Millionaire’s green gas bid to halt shale

A Green Gas Mill in Germany

A Green Gas Mill in Germany

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A green multi-millionaire entrepreneur has lodged a bid to stop Fylde fracking by replacing it with green gas mill plans.

Dale Vince, founder of Gloucestershire-based Ecotricity, has approached Fylde Council about planning permission for the plants at Little Plumpton off Preston New Road and at Roseacre Wood.

Dale Vince

Dale Vince

The dome shaped plants would use locally grown grass to produce gas for energy and fertiliser as a by-product.

Ecotricity recently won planning permission to build its first Green Gas Mill in Hampshire – one of six sites in development.

However the company said its latest applications at potential fracking sites in Lancashire are part of a wider strategic campaign to prevent shale gas exploitation, highlight the lack of democracy in the planning process ­and illustrate there is an alternative way to make gas.

Mr Vince, Ecotricity founder and owner of non-league football side Forest Green Rovers, said: “Local opposition to fracking is simply being ignored – it’s the most unpopular energy source ever, but it’s being forced on people by the government.

“We want to show that there‘s an alternative to fracking – and start a local debate in the areas directly affected by it, in the same way we want to start a debate at the national level, including the House of Commons.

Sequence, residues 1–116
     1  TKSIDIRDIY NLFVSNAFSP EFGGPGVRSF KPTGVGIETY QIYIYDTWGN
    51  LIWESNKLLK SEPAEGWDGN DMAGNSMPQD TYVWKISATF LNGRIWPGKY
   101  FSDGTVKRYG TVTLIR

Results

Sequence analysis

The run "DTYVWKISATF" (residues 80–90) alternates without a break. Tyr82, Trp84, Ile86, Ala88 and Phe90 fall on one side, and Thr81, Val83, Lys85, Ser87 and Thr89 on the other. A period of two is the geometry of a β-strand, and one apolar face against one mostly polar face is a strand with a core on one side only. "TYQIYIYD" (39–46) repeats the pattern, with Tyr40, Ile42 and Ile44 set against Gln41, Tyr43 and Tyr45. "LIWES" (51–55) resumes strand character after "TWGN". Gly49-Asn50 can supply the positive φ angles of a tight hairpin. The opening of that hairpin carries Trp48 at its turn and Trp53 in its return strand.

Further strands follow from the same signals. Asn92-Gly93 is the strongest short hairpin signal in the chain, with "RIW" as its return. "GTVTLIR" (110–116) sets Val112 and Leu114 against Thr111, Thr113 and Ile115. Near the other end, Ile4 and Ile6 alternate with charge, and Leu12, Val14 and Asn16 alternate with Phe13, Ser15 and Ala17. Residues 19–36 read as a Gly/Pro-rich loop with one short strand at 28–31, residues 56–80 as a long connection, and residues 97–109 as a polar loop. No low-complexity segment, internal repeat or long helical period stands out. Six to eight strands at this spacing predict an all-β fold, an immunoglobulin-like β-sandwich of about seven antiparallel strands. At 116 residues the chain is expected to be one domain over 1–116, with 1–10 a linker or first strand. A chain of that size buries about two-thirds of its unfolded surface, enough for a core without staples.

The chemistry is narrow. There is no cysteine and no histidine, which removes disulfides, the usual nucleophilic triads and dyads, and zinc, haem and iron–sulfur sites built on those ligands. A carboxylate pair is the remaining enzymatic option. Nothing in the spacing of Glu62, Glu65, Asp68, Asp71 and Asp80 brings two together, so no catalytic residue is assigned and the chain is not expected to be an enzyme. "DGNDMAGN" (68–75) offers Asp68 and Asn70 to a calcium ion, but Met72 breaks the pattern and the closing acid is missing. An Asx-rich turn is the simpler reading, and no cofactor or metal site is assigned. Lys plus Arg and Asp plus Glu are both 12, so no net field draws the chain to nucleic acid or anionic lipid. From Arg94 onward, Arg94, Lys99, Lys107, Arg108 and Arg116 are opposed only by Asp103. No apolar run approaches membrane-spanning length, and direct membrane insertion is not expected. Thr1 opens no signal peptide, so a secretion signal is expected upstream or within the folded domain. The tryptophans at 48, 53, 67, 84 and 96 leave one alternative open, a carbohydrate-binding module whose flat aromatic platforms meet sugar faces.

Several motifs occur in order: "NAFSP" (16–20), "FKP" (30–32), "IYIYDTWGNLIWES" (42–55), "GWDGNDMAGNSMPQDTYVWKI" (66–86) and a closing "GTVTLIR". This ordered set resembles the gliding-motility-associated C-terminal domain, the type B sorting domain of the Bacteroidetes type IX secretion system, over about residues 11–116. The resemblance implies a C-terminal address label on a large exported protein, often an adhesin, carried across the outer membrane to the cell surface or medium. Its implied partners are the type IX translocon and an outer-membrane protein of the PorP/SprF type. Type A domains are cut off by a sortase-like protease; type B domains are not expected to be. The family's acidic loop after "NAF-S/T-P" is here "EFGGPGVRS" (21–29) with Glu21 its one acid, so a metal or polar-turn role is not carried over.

“It’s important not just to oppose fracking, but to have an answer as to where Britain is going to get its gas from as North Sea supplies run out.

“Green gas is the new option – this is something that local communities should be able to choose instead of fracking, and something the government should now consider.

“It’s not too late to prevent fracking – it hasn’t really started yet.

“We’ve unveiled a new way of making gas – it’s a viable alternative to fracking, and the right thing to do in light of this new option is to have a proper review of where we’re going to get our gas in Britain.”

Francis Egan, CEO of Cuadrilla said: “It is widely accepted that the UK is going to need to rely on a range of energy sources, including renewable, nuclear and gas, to meet future demands to heat our homes and fuel British manufacturing.”

But he said the two sites had already been leased.